Data from: Feeding in murky waters: acclimatization and landmarks improve foraging efficiency of zebrafish (Danio rerio) in turbid waters
Sekhar, M.; Singh, Richa; Bhat, Anuradha; Jain, Manjari (2019), Data from: Feeding in murky waters: acclimatization and landmarks improve foraging efficiency of zebrafish (Danio rerio) in turbid waters, Dryad, Dataset, https://doi.org/10.5061/dryad.hb3f25t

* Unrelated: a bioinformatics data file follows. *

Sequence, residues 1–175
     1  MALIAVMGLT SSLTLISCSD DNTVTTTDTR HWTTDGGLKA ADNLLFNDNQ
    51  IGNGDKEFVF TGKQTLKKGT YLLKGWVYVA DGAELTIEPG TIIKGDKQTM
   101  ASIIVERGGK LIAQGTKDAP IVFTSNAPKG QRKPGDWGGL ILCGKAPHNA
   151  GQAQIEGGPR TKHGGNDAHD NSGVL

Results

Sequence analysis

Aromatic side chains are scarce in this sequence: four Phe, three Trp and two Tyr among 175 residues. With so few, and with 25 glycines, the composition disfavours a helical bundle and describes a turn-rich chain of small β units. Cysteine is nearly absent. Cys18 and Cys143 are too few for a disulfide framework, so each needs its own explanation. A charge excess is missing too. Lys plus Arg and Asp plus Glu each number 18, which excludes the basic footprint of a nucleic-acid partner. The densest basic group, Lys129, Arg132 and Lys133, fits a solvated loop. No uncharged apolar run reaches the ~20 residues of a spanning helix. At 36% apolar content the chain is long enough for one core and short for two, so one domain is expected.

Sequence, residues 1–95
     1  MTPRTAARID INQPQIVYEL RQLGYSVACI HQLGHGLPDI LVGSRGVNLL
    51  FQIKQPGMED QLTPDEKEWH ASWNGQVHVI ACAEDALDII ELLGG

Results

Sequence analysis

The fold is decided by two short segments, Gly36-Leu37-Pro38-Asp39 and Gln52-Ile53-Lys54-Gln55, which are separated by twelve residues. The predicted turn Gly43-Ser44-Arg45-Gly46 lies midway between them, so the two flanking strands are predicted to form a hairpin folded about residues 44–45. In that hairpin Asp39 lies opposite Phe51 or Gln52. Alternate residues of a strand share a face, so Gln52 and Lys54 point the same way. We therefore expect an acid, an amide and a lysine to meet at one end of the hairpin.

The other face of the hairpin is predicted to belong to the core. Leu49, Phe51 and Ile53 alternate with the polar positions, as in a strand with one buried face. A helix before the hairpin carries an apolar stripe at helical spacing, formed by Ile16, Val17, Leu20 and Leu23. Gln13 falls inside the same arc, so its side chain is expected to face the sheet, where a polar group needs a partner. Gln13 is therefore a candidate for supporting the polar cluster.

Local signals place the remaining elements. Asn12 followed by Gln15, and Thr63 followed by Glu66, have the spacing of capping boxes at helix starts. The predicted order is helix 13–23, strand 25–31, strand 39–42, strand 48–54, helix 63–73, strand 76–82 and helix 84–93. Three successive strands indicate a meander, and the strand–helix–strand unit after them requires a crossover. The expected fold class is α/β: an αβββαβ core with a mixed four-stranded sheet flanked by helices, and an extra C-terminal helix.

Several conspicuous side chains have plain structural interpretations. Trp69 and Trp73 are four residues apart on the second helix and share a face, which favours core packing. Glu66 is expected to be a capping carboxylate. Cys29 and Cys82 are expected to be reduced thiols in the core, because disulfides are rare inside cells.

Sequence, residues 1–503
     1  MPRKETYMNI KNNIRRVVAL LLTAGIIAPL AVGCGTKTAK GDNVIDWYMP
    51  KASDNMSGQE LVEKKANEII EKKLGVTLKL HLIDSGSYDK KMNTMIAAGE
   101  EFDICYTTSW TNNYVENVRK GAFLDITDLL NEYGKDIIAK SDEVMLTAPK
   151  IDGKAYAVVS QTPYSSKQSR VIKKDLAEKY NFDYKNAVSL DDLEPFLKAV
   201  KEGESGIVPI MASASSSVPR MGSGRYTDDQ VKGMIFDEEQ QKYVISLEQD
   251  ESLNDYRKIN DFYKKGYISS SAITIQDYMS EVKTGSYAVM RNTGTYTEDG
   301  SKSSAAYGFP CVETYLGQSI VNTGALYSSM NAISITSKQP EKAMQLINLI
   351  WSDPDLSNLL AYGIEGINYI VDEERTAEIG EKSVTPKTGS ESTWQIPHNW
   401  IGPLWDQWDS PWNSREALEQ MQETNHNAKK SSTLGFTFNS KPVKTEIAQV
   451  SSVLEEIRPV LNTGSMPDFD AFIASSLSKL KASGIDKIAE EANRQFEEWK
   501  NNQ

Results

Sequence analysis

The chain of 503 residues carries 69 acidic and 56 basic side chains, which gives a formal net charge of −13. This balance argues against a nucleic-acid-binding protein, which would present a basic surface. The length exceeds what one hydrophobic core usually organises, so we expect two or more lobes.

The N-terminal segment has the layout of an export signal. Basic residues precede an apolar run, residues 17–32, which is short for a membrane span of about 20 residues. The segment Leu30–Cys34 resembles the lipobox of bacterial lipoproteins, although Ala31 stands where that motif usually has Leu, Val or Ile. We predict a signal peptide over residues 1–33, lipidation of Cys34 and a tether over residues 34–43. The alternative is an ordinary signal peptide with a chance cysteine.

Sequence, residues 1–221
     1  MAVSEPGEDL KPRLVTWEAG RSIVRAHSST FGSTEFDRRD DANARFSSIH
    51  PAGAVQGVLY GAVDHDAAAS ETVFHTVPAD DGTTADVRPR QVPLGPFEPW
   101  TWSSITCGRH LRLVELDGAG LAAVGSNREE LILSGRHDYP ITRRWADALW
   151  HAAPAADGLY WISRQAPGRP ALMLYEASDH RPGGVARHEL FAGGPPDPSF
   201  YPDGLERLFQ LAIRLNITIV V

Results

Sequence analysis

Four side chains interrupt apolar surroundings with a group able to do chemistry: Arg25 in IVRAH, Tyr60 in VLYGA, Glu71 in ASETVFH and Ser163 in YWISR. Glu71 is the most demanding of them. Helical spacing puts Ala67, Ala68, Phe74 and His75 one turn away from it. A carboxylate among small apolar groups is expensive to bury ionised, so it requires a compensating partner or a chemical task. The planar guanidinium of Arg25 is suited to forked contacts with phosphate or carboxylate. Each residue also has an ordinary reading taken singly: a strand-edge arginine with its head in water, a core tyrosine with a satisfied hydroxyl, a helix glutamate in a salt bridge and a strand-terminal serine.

Fish inhabiting human-dominated ecosystems are prone to altered sensory environments in which they must live and function. Increased turbidity is one such change that they must deal with. We tested whether an increase in water turbidity and presence of visual landmarks (coloured stones) affect the foraging efficiency of wild zebrafish. We also tested the influence of extended exposure to differing turbidity levels on the subsequent foraging efficiency of acclimatized individuals. Feeding latency (time taken to find food) increased significantly with increase in turbidity levels from a minimum of 4 s to ca. 300 s. However, extended exposure of fish to varying levels of turbidity decreased feeding latencies in acclimatized conditions, indicating that acclimatization to the immediate visual environment plays an important role in determining foraging success. Most significantly, we found that feeding latencies in turbid conditions decreased significantly if visual landmarks were present. This demonstrates that zebrafish utilize visual landmark cues to navigate to foraging sites when visibility is impaired. This study has important implications on the role of behavioural plasticity and spatial learning in animals that allow them to cope with altered sensory environments such as episodes of enhanced turbidity that could be natural or anthropogenic.